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Overnight highlights. Following are highlights of overnight trade (as of 6:30 a.m. CT) and opening livestock calls:
Corn: 1 to 3 cents higher. Without fresh news for the market to digest, upside potential in corn was limited to short-covering. So far this morning corn has remained within the boundaries of yesterday's trading range. Gains are also being limited by a modest rally in the dollar index.
Soybeans: 3 to 9 cents higher. Soybeans continue to be the price leader in the grain market, with commercial buying lifting the market this morning. But key will be if this buying spills over into the day session, as followthrough buying has been difficult to generate recently. Rains are needed in dry areas of southern Brazil, and there's little in the near-term forecast, which makes traders nervous about the potential for record soybean production from the region. Importantly, January beans moved to a fresh weekly high overnight.
Wheat: Mixed. Wheat is favoring a firmer tone in mixed trade, but buying is being limited by a firmer dollar index and a lack of fresh news. Traders need a dose of fresh export news to encourage market bulls, but the weather situation in the Southern Plains remains supportive for the market. The HRW wheat crop will enter dormancy in the toughest shape since condition ratings began.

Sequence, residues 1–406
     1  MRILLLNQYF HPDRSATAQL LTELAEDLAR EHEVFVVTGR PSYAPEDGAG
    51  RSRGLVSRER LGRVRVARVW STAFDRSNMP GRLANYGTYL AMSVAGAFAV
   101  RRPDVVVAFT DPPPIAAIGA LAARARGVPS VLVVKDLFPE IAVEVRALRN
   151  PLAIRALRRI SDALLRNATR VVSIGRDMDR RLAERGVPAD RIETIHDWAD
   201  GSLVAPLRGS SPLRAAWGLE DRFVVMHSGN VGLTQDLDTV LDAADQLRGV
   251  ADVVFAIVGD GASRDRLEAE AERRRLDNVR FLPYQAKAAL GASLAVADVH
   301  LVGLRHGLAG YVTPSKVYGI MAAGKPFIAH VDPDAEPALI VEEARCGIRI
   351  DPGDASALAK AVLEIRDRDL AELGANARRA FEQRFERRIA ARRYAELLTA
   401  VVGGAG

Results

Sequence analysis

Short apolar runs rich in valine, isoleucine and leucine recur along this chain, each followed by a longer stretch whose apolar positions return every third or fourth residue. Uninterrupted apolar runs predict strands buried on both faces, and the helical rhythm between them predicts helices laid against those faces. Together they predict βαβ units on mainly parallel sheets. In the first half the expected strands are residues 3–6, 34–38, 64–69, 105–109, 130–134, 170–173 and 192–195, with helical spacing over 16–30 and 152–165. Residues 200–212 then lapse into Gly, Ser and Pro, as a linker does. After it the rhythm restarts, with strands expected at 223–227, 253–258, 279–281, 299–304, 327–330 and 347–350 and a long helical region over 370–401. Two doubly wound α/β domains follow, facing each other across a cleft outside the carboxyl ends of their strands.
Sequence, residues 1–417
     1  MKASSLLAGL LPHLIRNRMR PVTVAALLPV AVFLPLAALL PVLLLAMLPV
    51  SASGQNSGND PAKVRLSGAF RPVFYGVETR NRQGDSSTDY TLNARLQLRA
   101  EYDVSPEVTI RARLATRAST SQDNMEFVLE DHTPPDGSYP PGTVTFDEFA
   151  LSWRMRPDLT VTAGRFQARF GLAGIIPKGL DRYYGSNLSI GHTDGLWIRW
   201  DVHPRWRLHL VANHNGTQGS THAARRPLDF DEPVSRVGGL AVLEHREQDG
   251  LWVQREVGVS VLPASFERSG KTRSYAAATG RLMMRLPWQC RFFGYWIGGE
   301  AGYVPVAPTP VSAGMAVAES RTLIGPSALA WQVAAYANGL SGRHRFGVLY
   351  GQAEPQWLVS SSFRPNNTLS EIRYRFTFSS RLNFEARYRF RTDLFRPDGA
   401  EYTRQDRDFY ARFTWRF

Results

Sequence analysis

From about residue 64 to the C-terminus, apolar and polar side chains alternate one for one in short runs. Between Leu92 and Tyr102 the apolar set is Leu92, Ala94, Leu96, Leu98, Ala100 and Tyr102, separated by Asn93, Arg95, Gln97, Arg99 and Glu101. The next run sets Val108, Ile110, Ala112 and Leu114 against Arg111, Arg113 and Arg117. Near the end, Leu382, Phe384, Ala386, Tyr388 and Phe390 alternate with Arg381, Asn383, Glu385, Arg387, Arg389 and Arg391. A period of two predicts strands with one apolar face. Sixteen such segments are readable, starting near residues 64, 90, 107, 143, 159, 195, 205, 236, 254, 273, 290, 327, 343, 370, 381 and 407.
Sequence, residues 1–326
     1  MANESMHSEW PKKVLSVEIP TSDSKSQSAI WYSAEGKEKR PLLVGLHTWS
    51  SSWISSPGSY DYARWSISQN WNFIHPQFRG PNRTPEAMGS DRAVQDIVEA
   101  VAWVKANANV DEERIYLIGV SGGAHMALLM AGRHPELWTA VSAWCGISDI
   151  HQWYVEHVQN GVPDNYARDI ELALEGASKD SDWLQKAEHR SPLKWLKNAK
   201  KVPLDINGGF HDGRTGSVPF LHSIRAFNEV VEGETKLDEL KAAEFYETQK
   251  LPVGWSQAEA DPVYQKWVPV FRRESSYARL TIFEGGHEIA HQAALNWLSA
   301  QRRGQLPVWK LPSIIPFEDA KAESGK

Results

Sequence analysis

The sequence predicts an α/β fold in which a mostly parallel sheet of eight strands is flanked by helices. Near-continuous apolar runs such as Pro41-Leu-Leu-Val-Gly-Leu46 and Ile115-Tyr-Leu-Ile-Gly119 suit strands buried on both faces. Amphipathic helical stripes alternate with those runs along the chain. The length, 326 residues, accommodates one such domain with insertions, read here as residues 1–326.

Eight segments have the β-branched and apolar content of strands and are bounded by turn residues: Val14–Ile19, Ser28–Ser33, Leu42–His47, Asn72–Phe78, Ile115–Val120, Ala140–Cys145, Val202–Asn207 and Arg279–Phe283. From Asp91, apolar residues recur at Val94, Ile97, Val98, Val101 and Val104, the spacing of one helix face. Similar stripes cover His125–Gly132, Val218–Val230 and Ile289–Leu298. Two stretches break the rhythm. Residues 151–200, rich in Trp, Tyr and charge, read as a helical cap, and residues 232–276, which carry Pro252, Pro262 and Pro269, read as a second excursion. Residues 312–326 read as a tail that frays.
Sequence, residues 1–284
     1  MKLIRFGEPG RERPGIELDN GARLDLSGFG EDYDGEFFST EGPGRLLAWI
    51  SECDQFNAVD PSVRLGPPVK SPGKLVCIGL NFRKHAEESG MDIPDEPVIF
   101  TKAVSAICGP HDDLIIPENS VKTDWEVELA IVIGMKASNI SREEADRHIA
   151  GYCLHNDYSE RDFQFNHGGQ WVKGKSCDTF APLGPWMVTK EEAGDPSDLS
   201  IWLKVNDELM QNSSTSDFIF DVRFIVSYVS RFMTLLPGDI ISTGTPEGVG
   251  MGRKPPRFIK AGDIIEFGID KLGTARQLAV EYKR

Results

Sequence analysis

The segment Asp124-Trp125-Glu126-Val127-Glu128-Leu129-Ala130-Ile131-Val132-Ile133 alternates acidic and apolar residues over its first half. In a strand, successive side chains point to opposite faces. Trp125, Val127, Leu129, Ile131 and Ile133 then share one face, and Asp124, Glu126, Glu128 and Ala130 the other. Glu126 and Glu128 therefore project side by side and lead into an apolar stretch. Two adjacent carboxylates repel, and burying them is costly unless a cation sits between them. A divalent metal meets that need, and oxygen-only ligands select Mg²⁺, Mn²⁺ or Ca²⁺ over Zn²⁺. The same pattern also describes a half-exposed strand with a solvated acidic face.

Live cattle: Mixed. Futures are expected to see a choppy start as traders wait on cash trade to develop. Expectations are for steady-at-best trade given this week's larger showlist. Moreover, the boxed beef market hasn't posted a strong performance this week. Choice values slipped 27 cents and Select was up $1.93 yesterday on moderate movement of 159 loads.
Lean hogs: Steady to weaker. Futures are expected to see followthrough pressure from yesterday's losses, as well as concern about the cash hog market. While pork cutout values firmed 23 cents yesterday, packers saw their profit margins slip further into the red. As a result, the cash hog market is expected to begin softening today, although some packers say they are still in need of supplies.